Dear White House: The Personal Data Challenge
July 20, 2010
Earlier this summer Alexandra Carmichael, who is the founder of CureTogether as well as our director here at the Quantified Self, was in Washington for a meeting in President Obama’s Office of Science and Technology Policy (OSTP). When Alex came back she posted a report about her meeting here on the blog, and invited us to answer some questions from one of the President’s policy advisers.
A few weeks ago Alex convened a group of people especially interested in this topic for an hour long discussion via Skype. It was a fast-moving, wide-ranging conversation, with a lot of interesting cross talk. This post is my particular take on the conversation. Take it as the draft that it is; I’m interested in your comments.
First, some background from Alex:
A dedicated team in
President Obama’s office is coordinating the Community
Health Data Initiative, which involves taking the datasets that HHS
has recently released to the public, incorporating other datasets
through partnerships, and inspiring a crowd-sourced app development
movement to help make sense of the data – with the ultimate goal of
having a positive impact on national health. (Here is a good
summary from e-Patient Dave on e-patients.net.)
Most of the
data they have released is only as detailed as county level. I suggested
that the initiative could become more powerful and widespread in two
related ways: 1. by opening up more granular data and 2. by looking
beyond only corporate partnerships and tapping into the mass
self-tracking that engaged citizens are doing.
We have an
opportunity here to provide a list of recommendations to the White House
about how to engage with the self-tracking movement, possibly including
the creation of a citizen data commons.
The 3 questions
from the Community Health Data Initiative (CHDI) folks were:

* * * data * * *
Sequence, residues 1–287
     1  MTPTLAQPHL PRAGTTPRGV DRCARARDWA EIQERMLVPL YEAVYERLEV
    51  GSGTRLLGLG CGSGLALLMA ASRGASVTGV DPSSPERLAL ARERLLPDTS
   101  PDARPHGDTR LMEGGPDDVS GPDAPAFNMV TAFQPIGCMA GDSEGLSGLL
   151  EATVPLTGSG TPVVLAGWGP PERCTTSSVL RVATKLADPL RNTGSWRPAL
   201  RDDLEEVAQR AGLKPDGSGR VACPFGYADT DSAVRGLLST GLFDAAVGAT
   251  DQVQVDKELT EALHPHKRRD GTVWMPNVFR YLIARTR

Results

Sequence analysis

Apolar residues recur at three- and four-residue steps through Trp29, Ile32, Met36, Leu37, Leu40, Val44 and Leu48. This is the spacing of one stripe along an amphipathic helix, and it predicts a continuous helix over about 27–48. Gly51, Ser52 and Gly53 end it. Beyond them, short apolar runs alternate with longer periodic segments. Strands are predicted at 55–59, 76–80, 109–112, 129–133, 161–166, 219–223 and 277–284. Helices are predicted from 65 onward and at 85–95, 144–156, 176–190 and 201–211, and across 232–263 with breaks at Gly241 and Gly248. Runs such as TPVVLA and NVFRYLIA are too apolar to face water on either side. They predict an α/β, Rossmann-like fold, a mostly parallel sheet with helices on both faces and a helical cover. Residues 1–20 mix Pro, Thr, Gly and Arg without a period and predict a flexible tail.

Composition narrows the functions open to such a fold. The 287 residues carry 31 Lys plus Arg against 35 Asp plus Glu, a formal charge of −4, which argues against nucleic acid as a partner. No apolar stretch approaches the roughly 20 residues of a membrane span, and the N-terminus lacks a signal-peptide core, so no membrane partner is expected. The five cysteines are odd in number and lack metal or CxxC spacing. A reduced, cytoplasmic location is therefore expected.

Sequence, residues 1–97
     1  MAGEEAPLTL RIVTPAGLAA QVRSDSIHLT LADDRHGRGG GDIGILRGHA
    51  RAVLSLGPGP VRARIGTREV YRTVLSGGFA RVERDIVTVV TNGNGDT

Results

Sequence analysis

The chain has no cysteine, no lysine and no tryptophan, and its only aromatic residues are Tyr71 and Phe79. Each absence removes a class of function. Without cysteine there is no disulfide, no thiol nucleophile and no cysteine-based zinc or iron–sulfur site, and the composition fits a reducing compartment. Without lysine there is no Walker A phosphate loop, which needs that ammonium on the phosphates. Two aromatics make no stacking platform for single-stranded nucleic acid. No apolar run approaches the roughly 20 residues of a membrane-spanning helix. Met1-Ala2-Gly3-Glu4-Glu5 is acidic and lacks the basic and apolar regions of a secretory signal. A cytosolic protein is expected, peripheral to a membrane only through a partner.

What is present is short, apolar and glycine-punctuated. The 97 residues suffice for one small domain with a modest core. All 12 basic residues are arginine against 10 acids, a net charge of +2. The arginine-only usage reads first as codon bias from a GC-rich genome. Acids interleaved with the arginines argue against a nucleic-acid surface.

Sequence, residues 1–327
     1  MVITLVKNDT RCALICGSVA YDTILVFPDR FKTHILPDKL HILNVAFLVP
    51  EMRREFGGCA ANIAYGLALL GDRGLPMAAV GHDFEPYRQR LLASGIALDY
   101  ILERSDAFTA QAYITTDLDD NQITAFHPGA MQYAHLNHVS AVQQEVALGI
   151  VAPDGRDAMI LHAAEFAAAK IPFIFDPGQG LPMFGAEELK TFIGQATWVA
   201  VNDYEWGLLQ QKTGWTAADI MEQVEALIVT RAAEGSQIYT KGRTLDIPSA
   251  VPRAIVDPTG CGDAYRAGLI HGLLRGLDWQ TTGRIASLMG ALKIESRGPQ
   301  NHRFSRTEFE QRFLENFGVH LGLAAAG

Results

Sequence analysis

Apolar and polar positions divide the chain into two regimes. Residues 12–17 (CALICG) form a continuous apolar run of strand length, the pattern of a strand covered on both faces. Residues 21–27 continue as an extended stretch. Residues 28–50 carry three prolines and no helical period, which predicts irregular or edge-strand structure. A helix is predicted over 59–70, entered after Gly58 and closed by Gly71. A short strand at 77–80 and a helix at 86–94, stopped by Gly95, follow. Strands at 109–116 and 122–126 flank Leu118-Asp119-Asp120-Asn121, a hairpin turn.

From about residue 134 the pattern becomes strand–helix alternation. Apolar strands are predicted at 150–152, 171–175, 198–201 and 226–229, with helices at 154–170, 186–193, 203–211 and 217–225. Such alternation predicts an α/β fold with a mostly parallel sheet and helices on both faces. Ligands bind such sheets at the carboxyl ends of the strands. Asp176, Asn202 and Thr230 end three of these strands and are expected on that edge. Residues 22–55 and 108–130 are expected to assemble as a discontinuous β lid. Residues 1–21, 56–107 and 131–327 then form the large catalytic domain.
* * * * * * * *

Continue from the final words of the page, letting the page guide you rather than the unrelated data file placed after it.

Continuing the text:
1. How to deal with or integrate personal health data into the
data warehouse they’re building?
2. What should the government do or
worry about in the health data space?
3. What are the top things to
focus on that work to increase national health?
in this conversation were:
Roni Zeiger (Google Health)
Gilles Frydman (ACOR)
e-Patient Dave (e-patients.net, Society for
Rachel Maguire (Institute for the Future –
Rajiv Mehta (ZumeLife)
Steven Dean (Quantified Self)
Wolf (Wired, Quantified Self)
Lori Scanlon (PatientsLikeMe)
Carmichael (CureTogether, Quantified Self, IFTF)
later: Brigitte Piniewksi, PeaceHealth Labs]
crucial for knowledge. The Community Health Data Initiative involves a
laudable push to collect health data from many different institutional
sources and make it accessible to researchers and the public. But
something else is happening in the world of data that will eventually
overshadow this treasure trove of institutional data both in size and
significance: this is the flood of numbers generated by individuals in
the course of their daily lives.
Personal health data is a
major, positive force for transforming the health care system.
important trends converge here:
1. A consensus that
self-care is important in achieving national health goals.
failure of traditional medical record keeping to accurately describe
patient experiences; much less the full range of living conditions
relevant to health.
3. The rise of new systems to collect and
understand personal data.
Personal data looks messy from a
traditional clinical or laboratory point of view. But powerful
techniques for analyzing messy data already exist, and they are rapidly
improving. Tools for collecting personal data are also getting better.
And self-tracking is becoming more popular. These factors are mutually
reinforcing: stronger analytical techniques; more accurate and
consistent collection; and vastly increased volumes of data create a new
landscape of public health knowledge.
What is the government’s
role? Our group found it easy to imagine ways that the government could
help. All of us are hoping for the emergence of a serviceable personal
data standard, along with a legal context that permits the social